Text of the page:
Emily Wenzel Photography – Spokane Wedding Photographer » North Idaho Wedding Photography, Eastern Washington Wedding Photography, Spokane Wedding Photographer, Spokane Backyard Weddings

Featured! — Spokane River Styled Shoot // Artfully Wed

You know that kid on Christmas morning is is oh, so excited that they’re bouncing? That’s how I’ve felt about sharing this shoot. I’ve been feeling that way about this shoot, ever since pretty much the day we shot it last July. Patience is not my strong suit. So, I’ve had today on my calendar for a while!!

Please head over to Artfully Wed, to see their favorites from this shoot, and I’ll be back with all my favorites in a few weeks.

Spokane River Styled Shoot // Post Fall // Emily Wenzel Photography

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[…] been six months, so you probably don’t even remember how, back in February, this beautiful shoot was featured on Artfully Wed. I said I’d blog a few of my favorites in a few weeks. […]

Two Years in Our House — Personal Post // Spokane Wedding Photographer

My realtor texted me (and sent the sweetest card) earlier this month to wish use a happy two year “House Anniversary”. And today, this week, this month, it is happy. We’re finally working on some fun projects (as opposed to things like: a new furnace, 22 feet of sewer line, a hot water heater, etc.), and we can finally see the work we’re doing, instead of it being buried underground or hidden in the basement, or deep inside our walls. I was going to take some better progress photos for you, but we’re in the middle of working on our pantry, and there are dried goods stacked all over our home. Once we get a couple of those projects taken care of, I’ll be back with an update!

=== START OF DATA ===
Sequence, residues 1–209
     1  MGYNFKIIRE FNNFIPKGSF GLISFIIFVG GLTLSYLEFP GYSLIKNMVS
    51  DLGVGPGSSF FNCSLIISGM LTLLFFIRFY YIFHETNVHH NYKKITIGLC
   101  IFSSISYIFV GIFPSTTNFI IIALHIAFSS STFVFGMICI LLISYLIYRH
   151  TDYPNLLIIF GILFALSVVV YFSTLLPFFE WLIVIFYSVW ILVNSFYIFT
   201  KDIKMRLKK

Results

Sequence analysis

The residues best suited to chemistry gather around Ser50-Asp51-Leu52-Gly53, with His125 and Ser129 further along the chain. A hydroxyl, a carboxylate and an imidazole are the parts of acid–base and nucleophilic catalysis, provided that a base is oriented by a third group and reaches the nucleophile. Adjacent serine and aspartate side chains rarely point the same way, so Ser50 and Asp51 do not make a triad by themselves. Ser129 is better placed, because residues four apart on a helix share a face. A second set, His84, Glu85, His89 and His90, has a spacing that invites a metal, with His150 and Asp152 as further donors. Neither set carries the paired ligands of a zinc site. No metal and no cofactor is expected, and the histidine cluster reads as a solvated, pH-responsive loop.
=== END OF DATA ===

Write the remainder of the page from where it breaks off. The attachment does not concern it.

On the outside, our home looks much like it did on the day we bought it. This photo, taken in all the December snow, looks very similar to the weekend we got the keys. We tried to *not* do much work to the house the first year we lived there, because we wanted to get a feel for the place. We tore out a bunch of dead plants/weeds, but haven’t replaced them yet. We did replace the front door last fall, and it’s GORGEOUS. We found a lovely door, and I finished it out myself. It was a lot of work, but looks amazing. It got cold before I could paint the trim, so that still needs work (and yes, I blurred our address out). We’ve got new windows for up top, and once those are replaced, I can plant things in the flower beds.


Since we bought our home as foreclosure, there were no appliances in it. In the past two years, we’ve purchased a fridge, stove, washer & dryer. We also replaced the furnace, and the hot water heater. Oh, and 22 feet of sewer line (photo below). Which is why we don’t have a dishwasher yet – haha. :( After being unable to pee in my own home for almost a week, I am very very grateful for indoor pluming, and I know that dishwasher is coming soon. PRO TIP: Unless you buy a house with brand new sewer and water lines, and there aren’t any trees nearby, I’d recommend getting extra insurance on your sewer and water lines. You don’t need to know how terrible it is when these things don’t work.


We’ve tried to reclaim some of the backyard from the weeds that had taken over while it was empty. I’ve spent countless hours digging up weeds and trying to keep the grass alive. We built a couple of the raised beds, and grew a bumper crop of tomatoes and zucchini last summer, which is all due to the fact that H put the garden water on a timer. Those tomatoes (in the front bed) were almost 5 feet tall by the end of the year (this photo was in May). In contrast, our first summer here, I grew one tomato plant, and got 2 tomatoes.